Gonzales hearing

What's probably the best, most concise summary of the Gonzales hearing, where Attorney General Alberto Gonzales valiantly attempted to explain (Or at least paper over) the many questions and contradictions in the testimony of both himself and his aides came from Senator Chuck Schumer (D-NY):

"You've answered 'I don't know' or 'I don't recall' to close to 100 questions." Urges Gonzales for the good of the department and for the good of the country to step down.
"Gonzales says the burden of proof is on those alleging something improper happened here.
"Schumer: That would be true if this were a criminal trial, but we have a much higher standard for the Attorney General. And when you fire US attorneys, the burden is on you to explain why. The burden of proof lays with the person who took responsibility and did the firing." 

Generally, Gonzales gave very, very unsatisfactory answers, careening back and forth between appearing as a bystander in his own department, a man totally out of the loop and between saying "I'm responsible," but not being able to give any clear or convincing explanations as to why any decisions were made.

Pennsylvania's Senator Specter says in TPMMuckraker (Main site contains lots and lots of videos of hearing):

..."we haven't really gotten answers" from Gonzales. He added that there was unquestionably a morale problem at the department and that the message had been sent that U.S. attorneys around the country "ought to be on guard... for you to have said that this was 'an overblown personnel matter,' that can't be erased."

Lawyer-Blogger Glenn Greenwald comments that:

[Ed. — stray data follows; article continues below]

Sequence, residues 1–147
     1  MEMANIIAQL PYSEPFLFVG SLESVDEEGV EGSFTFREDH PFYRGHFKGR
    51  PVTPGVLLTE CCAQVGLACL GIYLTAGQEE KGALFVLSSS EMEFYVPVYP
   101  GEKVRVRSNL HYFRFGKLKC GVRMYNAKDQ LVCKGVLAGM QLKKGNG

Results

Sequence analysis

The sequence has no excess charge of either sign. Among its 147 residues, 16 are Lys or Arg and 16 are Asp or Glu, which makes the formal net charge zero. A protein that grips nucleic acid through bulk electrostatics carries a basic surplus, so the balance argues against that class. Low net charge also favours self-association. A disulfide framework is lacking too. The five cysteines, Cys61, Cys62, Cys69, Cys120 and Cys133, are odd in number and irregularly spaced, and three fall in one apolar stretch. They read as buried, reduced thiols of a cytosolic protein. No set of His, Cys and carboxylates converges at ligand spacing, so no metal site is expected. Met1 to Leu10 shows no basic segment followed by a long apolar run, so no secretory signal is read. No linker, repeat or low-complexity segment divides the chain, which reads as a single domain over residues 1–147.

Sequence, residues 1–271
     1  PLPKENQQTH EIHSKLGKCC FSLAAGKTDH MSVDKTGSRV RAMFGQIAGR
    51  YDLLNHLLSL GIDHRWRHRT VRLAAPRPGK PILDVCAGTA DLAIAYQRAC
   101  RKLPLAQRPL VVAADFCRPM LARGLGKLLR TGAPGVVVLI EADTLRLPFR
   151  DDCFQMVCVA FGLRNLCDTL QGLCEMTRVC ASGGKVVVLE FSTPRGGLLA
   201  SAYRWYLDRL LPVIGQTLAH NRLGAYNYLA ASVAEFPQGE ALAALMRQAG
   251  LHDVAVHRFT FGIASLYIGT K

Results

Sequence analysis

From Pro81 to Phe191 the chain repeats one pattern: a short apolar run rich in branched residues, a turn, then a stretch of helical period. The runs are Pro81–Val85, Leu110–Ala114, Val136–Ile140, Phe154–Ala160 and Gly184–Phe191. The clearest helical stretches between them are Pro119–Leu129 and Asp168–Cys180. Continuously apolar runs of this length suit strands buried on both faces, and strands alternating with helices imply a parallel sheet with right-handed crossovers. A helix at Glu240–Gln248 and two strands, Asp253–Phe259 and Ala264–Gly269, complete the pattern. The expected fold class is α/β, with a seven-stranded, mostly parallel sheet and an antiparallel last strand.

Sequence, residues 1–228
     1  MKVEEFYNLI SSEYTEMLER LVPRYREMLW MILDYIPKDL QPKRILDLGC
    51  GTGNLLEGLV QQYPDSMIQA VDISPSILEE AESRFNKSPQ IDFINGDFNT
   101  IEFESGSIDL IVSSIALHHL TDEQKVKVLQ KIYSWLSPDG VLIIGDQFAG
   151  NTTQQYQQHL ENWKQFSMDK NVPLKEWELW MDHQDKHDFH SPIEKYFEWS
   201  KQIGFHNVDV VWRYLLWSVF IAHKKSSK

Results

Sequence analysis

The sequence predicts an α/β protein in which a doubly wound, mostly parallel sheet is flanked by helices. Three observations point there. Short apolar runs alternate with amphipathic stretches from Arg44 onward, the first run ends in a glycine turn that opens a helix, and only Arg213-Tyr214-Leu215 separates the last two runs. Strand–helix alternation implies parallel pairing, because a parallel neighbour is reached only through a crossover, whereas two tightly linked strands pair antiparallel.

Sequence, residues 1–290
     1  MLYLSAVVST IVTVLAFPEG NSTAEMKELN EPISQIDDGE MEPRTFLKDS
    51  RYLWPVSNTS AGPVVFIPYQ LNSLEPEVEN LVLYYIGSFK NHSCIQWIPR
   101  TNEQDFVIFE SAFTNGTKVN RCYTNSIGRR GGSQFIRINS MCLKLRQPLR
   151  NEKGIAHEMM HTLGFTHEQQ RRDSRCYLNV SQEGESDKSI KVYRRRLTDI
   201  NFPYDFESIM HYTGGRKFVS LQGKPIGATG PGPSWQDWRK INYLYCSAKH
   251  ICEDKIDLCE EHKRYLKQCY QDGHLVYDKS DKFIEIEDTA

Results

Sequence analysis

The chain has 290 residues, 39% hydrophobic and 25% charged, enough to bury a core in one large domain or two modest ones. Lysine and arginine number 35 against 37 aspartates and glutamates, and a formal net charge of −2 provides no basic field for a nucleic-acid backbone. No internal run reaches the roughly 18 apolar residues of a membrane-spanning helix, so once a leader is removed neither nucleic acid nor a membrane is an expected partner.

"Although Gonzales began with a combative tone, he quickly abandoned it, because it is not his natural approach. He has neither the instincts nor the abilities to engage in a full day of verbal combat with anyone. He is far more comfortable with highly practiced, slippery, evasive buzzphrases which he simply repeats -- with a pseudo-respectful and borderline-smug tone -- over and over and over. And he quickly reverted to form."

It'd be nice if this meant that Gonzales would soon be stepping down, but Greenwald points out that demanding things of Bush produces exactly the opposite reaction from what one would expect. Bush instead digs in his heels and fights and fights until there's absolutely no choice and then petulantly and arrogantly insults those who tried to make him see reason.

1 comment:

Anonymous said...

So sad, but so true. Bush is stubborn, some say loyal, to a fault. Bush won't ask for Gonzales' resignation,just as he will never admit invading Iraq was a mistake. This is not leading--Gonzales is just parroting the words of the commander in chief. Cite terror, terroism and a threat to our national security and watch the electorate hand over whatever you want. Gonzales serves at the pleasure of the president. We can moan all we want, but until Bush says, "go" Gonzales knows no amount of calling for his resignation needs to be heard.